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able appear asked authority beautiful become believe better brought called carried cause character Charles Church close colonies Committee considerable considered course doubt duty effect England English established eyes fact feel force French give given Government ground half hand head heart hour human interest kind King known Lady land less light live look Lord matter means ment miles mind nature Nelly never North once opinion party passed period person political position present principle probably question reason respect seemed seen side spirit stand things thought tion town trade true truth turned whole wish writing young
289 ページ - Just this Or that in you disgusts me; here you miss, Or there exceed the mark...
325 ページ - Rome ! my country ! city of the soul ! The orphans of the heart must turn to thee, Lone mother of dead empires ! and control In their shut breasts their petty misery. What are our woes and sufferance ? Come and see The cypress, hear the owl, and plod your way O'er steps of broken thrones and temples, ye Whose agonies are evils of a day ! — A world is at our feet as fragile as our clay.
263 ページ - For the king of Babylon stood at the parting of the way, at the head of the two ways, to use divination: he made his arrows bright, he consulted with images, he looked in the liver.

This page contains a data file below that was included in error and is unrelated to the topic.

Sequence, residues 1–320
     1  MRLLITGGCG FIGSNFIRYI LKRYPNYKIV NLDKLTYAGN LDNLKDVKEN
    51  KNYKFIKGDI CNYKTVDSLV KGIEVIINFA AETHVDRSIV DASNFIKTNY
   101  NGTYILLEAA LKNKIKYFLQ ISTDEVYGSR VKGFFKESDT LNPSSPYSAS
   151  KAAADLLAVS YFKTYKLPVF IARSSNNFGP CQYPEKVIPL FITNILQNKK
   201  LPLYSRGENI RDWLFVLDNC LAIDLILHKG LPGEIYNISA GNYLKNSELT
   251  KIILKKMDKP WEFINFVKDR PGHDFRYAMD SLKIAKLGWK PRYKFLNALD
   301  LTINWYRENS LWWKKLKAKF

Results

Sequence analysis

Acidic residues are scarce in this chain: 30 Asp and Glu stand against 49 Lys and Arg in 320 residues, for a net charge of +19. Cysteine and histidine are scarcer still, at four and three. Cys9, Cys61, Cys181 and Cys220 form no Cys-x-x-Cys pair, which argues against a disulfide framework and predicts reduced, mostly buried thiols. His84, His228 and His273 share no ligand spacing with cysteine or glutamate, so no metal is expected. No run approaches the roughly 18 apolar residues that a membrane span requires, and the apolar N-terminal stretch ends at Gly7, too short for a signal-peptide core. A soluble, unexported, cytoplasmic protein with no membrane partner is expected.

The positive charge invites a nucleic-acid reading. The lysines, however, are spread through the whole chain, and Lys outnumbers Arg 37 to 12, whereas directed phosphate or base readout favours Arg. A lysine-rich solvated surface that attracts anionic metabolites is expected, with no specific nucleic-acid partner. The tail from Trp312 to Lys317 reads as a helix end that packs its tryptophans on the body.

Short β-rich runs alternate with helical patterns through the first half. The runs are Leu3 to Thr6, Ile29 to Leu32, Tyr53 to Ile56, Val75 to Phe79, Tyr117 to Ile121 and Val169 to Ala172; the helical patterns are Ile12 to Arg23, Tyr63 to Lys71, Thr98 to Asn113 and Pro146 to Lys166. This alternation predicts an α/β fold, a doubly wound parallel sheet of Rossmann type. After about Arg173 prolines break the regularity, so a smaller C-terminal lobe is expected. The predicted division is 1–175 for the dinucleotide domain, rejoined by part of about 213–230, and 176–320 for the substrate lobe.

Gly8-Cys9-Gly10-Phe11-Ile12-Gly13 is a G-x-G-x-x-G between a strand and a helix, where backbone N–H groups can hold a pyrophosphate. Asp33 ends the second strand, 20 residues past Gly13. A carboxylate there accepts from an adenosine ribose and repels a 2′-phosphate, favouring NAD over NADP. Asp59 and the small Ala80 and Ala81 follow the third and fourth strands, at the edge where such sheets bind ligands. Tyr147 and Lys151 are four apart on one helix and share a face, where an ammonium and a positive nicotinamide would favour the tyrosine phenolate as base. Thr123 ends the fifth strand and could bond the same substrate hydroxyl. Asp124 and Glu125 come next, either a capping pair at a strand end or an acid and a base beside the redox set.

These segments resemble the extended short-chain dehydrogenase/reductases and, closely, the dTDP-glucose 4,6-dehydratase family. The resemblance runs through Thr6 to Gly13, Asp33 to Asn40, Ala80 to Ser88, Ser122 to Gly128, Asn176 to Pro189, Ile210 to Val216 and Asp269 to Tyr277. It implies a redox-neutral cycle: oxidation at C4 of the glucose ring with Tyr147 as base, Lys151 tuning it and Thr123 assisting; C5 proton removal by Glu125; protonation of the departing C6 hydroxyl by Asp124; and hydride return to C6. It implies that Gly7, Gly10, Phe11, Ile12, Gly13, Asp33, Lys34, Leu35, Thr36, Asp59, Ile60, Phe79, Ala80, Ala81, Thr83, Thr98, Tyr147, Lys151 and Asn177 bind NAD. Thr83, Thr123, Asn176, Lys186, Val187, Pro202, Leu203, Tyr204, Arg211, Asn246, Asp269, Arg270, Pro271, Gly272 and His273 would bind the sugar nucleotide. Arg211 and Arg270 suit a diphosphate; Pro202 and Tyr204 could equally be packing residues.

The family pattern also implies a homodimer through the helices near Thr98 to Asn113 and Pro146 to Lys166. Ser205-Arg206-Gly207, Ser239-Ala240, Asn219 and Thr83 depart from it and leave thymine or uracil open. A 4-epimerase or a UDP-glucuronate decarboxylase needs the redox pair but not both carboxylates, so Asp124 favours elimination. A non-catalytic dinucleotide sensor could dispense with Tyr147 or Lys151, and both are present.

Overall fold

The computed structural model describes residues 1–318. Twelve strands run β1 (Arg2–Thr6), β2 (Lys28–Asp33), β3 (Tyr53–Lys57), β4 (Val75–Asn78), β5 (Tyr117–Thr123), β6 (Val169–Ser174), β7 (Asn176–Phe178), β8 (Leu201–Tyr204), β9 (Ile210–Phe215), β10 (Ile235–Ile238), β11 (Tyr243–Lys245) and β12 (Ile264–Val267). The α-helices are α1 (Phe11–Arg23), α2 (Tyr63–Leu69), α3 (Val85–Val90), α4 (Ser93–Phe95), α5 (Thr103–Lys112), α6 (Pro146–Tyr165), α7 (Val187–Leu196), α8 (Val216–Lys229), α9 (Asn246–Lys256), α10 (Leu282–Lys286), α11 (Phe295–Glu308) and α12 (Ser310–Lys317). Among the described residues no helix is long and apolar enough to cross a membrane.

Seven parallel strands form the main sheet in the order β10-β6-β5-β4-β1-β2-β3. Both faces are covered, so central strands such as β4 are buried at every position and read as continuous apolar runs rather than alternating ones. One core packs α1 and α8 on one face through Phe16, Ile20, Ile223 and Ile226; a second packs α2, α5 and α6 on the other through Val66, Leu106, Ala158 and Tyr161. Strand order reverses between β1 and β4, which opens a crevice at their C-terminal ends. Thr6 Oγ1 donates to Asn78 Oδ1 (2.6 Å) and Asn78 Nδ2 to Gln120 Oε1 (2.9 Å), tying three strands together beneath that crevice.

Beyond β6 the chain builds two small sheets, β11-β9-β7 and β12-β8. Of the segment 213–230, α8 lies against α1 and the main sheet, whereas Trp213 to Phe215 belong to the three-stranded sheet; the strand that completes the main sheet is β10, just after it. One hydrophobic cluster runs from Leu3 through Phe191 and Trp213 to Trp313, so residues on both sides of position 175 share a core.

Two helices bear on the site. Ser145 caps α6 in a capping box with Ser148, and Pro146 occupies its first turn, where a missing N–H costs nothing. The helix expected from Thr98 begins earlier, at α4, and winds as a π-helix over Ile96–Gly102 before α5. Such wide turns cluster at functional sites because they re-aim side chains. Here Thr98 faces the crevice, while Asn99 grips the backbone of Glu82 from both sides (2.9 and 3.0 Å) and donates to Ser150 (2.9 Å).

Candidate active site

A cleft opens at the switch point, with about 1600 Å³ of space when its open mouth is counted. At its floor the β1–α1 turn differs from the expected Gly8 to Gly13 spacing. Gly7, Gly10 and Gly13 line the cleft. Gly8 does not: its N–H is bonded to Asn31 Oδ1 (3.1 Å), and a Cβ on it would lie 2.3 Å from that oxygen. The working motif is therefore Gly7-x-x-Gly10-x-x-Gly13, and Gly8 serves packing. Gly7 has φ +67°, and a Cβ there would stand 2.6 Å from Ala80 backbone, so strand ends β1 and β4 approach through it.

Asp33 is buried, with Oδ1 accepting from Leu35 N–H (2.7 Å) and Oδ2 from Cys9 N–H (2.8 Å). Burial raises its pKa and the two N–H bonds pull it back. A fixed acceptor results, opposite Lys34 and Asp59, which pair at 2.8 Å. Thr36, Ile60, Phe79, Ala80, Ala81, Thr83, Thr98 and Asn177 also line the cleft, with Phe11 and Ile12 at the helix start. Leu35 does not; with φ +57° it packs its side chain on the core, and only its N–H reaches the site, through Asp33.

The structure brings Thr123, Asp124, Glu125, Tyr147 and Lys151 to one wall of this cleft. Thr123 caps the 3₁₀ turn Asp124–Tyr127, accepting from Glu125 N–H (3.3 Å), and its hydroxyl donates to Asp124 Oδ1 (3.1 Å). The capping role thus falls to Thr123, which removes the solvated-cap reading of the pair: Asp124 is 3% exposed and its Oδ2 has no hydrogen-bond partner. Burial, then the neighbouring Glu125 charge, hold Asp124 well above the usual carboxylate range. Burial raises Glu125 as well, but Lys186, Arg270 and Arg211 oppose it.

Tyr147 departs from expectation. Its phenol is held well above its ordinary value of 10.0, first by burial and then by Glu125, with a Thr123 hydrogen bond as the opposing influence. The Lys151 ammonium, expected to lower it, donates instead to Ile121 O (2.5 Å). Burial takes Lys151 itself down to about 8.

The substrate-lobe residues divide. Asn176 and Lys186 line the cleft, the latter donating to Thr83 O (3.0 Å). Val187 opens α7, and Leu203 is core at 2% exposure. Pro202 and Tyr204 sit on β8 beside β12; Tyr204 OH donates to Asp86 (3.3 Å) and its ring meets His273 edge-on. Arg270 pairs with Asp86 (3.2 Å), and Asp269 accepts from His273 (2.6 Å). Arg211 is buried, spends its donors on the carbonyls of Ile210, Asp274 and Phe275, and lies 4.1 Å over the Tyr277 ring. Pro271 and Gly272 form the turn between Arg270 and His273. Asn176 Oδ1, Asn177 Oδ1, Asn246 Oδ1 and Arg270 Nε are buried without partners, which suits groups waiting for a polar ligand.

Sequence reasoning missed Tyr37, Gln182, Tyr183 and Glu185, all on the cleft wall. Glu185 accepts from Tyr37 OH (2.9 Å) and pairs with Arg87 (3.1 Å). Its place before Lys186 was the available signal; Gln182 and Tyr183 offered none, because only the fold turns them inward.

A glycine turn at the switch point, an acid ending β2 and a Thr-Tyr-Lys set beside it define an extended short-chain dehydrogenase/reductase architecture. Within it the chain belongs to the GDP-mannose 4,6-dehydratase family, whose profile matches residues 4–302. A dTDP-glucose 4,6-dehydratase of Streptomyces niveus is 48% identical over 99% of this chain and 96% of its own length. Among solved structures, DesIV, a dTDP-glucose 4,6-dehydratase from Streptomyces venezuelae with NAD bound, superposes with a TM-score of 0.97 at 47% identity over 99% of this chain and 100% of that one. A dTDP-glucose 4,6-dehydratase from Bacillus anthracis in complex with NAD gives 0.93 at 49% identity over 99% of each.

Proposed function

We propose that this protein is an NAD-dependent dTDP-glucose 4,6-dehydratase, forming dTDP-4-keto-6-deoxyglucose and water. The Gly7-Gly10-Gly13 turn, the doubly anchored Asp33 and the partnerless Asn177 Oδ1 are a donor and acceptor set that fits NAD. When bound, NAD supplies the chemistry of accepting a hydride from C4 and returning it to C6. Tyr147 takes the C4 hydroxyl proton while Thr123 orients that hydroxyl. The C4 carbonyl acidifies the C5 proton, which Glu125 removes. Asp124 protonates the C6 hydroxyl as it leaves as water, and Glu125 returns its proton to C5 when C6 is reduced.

219 ページ - Party is a body of men united, for promoting by their joint endeavours the national interest, upon some particular principle...
450 ページ - The splendour falls on castle walls And snowy summits old in story : The long light shakes across the lakes And the wild cataract leaps in glory. Blow, bugle, blow, set the wild echoes flying, Blow, bugle; answer, echoes, dying, dying, dying.
325 ページ - The orphans of the heart must turn to thee, Lone mother of dead empires! and control In their shut breasts their petty misery. What are our woes and sufferance? Come and see The cypress, hear the owl, and plod your way O'er steps of broken thrones and temples, Ye! Whose agonies are evils of a day— A world is at our feet as fragile as our clay. The Niobe of nations! there she stands, Childless and crownless, in her voiceless woe; An empty urn within her wither'd hands, Whose holy dust was scatter'd...
219 ページ - It is the business of the speculative philosopher to mark the proper ends of government. It is the business of the politician, who is the philosopher in action, to find out proper means towards those ends, and to employ them with effect.
284 ページ - It was the English,' Kaspar cried, 'Who put the French to rout; But what they fought each other for I could not well make out.
60 ページ - Where be your gibes now ? your gambols ? your songs ? your flashes of merriment, that were wont to set the table in a roar ? Not one now, to mock your own grinning?
87 ページ - ... self-collecting power is such, He shrinks into his house, with much Displeasure. Where'er he dwells, he dwells alone, Except himself has chattels none, Well satisfied to be his own Whole treasure. Thus, hermitlike, his life he leads, Nor partner of his banquet needs, And if he meets one, only feeds The faster. Who seeks him must be worse than blind, (He and his house are so combined) If, finding it, he fails to find Its master.